IAM Magazine issue 11April/May 2005
The drinks industry is not alone in facing a serious threat from counterfeiting in developing markets such as China. However, the way liquor companies have responded may prove instructive to those operating in other sectors
There are a number of major challenges to face when putting together an IAM programme. Follow a few simple rules, however, and the task becomes a little less daunting
Dow Chemical was embracing intellectual capital management before most people had even heard of it. Nowadays, the concept is rooted at the heart of the company’s strategic planning. Three of Dow’s senior IC professionals explain how it works and look at the challenges they still face
It is one of the big stories of 2005, but developments in RFID may be undermined by standards organisations
There are a number of major challenges to face when putting together an IAM programme. Follow a few simple rules, however, and the task becomes a little less daunting.
The passage of the Trademark Dilution Revision Act 2005 through Congress has raised further questions about the limits of US trademark law. In supporting an expansion of their rights, some believe that trademark owners could end up doing themselves more harm than good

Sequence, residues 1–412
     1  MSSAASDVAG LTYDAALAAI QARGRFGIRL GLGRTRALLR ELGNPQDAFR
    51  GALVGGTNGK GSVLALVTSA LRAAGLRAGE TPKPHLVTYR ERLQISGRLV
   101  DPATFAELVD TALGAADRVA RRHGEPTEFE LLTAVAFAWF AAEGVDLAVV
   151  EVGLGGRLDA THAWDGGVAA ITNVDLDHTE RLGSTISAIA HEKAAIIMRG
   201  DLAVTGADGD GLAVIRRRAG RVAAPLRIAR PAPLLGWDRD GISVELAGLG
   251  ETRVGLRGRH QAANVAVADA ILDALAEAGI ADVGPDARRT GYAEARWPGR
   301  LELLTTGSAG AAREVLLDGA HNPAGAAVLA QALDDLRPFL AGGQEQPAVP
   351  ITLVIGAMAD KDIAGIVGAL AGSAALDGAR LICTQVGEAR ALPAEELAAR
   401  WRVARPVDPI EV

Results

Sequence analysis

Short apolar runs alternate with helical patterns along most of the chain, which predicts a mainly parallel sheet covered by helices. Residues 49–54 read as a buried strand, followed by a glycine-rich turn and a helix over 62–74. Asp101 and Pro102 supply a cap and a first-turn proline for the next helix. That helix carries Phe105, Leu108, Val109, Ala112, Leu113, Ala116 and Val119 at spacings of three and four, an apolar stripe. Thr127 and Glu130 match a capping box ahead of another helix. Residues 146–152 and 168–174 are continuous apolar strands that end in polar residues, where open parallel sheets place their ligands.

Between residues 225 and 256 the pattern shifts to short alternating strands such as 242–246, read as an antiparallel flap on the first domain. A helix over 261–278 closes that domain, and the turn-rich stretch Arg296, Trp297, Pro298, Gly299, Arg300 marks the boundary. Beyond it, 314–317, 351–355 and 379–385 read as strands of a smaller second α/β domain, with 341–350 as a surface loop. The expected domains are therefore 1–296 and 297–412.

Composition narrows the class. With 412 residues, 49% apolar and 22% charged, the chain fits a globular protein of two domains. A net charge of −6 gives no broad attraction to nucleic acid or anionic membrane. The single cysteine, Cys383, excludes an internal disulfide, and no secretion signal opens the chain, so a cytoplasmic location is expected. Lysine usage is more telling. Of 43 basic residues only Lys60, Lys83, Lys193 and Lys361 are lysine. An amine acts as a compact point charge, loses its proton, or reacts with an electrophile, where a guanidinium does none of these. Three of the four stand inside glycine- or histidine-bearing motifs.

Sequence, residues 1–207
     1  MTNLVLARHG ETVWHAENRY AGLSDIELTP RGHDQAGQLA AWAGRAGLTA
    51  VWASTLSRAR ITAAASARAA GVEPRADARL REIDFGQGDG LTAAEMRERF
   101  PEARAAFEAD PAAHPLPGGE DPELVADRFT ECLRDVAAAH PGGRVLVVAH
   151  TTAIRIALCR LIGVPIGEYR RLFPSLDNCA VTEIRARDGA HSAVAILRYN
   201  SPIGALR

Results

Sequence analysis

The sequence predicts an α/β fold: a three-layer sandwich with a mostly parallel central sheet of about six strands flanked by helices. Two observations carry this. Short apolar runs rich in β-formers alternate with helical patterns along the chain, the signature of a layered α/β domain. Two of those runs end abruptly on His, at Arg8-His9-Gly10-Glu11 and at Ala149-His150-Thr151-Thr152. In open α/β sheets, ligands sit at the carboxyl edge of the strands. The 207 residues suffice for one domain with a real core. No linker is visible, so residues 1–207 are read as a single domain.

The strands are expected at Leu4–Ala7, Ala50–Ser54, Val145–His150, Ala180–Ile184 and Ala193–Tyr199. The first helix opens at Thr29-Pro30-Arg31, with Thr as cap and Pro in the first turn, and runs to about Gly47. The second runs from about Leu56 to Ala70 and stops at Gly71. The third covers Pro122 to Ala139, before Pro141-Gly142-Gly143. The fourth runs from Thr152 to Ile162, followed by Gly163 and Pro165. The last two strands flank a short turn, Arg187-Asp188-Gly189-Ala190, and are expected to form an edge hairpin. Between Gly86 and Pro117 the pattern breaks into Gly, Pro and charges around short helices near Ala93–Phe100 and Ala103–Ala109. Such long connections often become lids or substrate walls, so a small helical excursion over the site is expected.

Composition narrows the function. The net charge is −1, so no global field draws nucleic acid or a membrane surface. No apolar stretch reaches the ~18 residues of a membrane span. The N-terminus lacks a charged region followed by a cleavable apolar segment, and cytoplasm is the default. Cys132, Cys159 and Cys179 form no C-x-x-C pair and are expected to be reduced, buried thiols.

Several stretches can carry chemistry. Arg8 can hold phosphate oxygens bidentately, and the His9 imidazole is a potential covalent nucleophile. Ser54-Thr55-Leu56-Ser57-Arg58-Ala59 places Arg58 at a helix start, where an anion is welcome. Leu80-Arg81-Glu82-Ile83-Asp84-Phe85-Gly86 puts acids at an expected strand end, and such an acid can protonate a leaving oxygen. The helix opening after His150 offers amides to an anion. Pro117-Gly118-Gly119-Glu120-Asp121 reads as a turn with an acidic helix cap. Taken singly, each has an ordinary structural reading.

Hollywood-fuelled enthusiasm – and blue-state contrariness – moved California voters last year to authorise a US$3 billion handout for the funding of stem-cell research. Unfortunately, it appears that nobody stopped to think through the IP consequences. As a result, the project could now be at risk
The annual AUTM meeting, held in Phoenix in February, was the best attended ever. Delegates still face major challenges back on campus, though.
James Dyson, the British entrepreneur now conquering the US, made his fortune on the back of patents. His knowledge of trademark law does not seem to be so strong.
In the world of IAM, trademarks are often the poor relation to patents. They should not be
A recently published book by two Massachusetts economists makes a valuable contribution to the debate about the future of the patent system in the US. But not all the authors’ conclusions stand up to scrutiny
There are many reasons why VCs should seek to ensure that a company in which they invest owns the IP that underpins its business case. If the rights remain in the hands of the company’s founders, on the other hand, there is potential for serious trouble further down the line
The arguments about the extent to which IP law should affect the free exchange of ideas are getting fiercer. But those who say patent rights have gone too far should pause to think who, in the end, would benefit from their curtailment
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